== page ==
Multivitamins could prolong and improve the quality of life of millions of people infected with AIDS, according to the results of a new study published this week in the New England Journal of Medicine. Vitamin supplements which are abundent and cheap, may have their greatest impact in Africa, where HIV infection is exacting the biggest toll worldwide.

Investigators, led by Wafaie Fawzi of the Harvard University Department of Nutrition in Massachusetts, found that women who took multivitamins were siginificantly less likely to progress to advanced HIV disease than women who did not take multivitamins.

"They were also less likely to die as well compared to women in the control group. They had fewer symptoms of later stage of HIV infection, such as mouth ulcers, mouth infections or diahrreal disease,? Dr. Fawzi said. ?And multivitamins also signifcantly increased CD-4 cell counts, which are immune cells that are necessary for boosting immune function in the context of HIV infection."

Thirty percent of women who took multivitamins showed a clear advantage over women who either did not receive the vitamins or who were given daily doses of vitamin A.

Researchers found vitamins C, B and E were beneficial, but not vitamin A by itself.

Writing in the New England Journal of Medicine, Dr. Barbara Marston of the U.S. Centers for Disease Control in western Kenya says it's difficult to say why some vitamins seem helpful and others do not.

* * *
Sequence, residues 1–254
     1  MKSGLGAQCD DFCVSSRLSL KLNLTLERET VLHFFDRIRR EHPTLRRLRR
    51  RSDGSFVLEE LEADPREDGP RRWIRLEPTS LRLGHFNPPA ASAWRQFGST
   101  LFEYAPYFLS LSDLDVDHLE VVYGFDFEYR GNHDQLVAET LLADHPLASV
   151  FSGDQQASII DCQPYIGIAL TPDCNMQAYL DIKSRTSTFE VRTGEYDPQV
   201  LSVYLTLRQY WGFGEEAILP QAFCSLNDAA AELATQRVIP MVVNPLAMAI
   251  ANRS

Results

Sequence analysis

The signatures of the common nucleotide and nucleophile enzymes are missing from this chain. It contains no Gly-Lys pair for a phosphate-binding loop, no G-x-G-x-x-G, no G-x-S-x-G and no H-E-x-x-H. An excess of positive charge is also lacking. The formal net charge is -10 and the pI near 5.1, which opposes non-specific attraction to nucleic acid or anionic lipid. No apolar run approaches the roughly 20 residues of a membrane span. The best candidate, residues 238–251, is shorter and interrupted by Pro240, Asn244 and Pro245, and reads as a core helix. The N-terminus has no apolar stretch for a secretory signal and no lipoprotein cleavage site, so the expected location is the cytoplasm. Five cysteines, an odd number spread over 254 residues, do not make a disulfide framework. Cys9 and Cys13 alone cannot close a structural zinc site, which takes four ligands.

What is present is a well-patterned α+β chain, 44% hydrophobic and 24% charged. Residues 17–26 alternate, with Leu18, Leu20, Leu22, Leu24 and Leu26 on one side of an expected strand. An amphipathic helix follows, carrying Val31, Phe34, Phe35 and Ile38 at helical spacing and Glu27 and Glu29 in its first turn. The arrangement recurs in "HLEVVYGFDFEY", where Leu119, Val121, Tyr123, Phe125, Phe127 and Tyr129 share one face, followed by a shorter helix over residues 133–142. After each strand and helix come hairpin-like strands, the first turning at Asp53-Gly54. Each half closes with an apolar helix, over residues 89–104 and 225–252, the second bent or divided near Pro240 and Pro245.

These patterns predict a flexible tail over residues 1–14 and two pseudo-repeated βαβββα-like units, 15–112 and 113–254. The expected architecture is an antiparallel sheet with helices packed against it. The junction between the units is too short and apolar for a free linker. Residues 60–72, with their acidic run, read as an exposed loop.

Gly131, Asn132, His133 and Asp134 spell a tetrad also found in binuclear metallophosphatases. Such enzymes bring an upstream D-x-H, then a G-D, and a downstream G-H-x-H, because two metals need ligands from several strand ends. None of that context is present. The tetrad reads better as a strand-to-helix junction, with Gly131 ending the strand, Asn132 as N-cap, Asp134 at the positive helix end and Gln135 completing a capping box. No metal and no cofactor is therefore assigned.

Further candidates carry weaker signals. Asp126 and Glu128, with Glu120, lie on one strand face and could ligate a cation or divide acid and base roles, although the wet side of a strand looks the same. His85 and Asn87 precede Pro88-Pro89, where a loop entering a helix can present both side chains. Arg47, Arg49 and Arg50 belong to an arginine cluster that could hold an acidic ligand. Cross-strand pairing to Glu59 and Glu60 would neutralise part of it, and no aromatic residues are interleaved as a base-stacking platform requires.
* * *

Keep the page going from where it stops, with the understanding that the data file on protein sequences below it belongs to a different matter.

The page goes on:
"I think the information about multivitamins and HIV is confusing and conflicted. There's some information that vitamins promote immunity,? Dr. Marston said. ?There's some information that vitamins stimulate HIV replication. And it's very difficult to guess without a trial what multivitamins would do."

Because AIDS impairs the body's absorption and utilization of nutrients in people infected with HIV, researchers gave the participants doses of B and E that were many times greater than the recommended daily amount of each vitamin.

Dr. Marston says more studies are needed to determine the extent to which multivitamins work in slowing progression of the AIDS virus. If nothing else, Dr. Marston says taking daily vitamin pills could help get HIV-infected individuals accustomed to taking antiretroviral drugs, which also need to be taken daily.

"Multivitamins haven't been widely promoted in Africa because they weren't thought to be sustainable,? Dr. Marston said. ?So, the idea of giving someone a tablet everyday for long term is very difficult to imagine. So is this whole idea of giving anteretroviral treatment, and if we're going to do that, adding multivitamins to that would be a very simple thing. Multivitamins would be much simpler than trying to get people to take complex combinations of antiretroviral treatment."

A previous study by Dr. Fawzi and colleagues also found that multivitamins significantly reduce the risk of mother-to-infant HIV transmission. The new study adds more evidence that vitamins appear to slow progression of the AIDS virus.

"We're just excited and delighted by these findings and look forward to seeing them put into practice,? Dr. Fawzi said. ?We sort of look at the findings as a reason to encourage the use of multivitamin supplements as supportive care, and would like again to note that these would be a low cost means delaying antriviral care and would not be by any means be a replacement for that important intervention."

The findings are based on a study of more than 1,000 HIV-infected women in Dar es Salaam, Tanzania who were followed for five years after giving birth.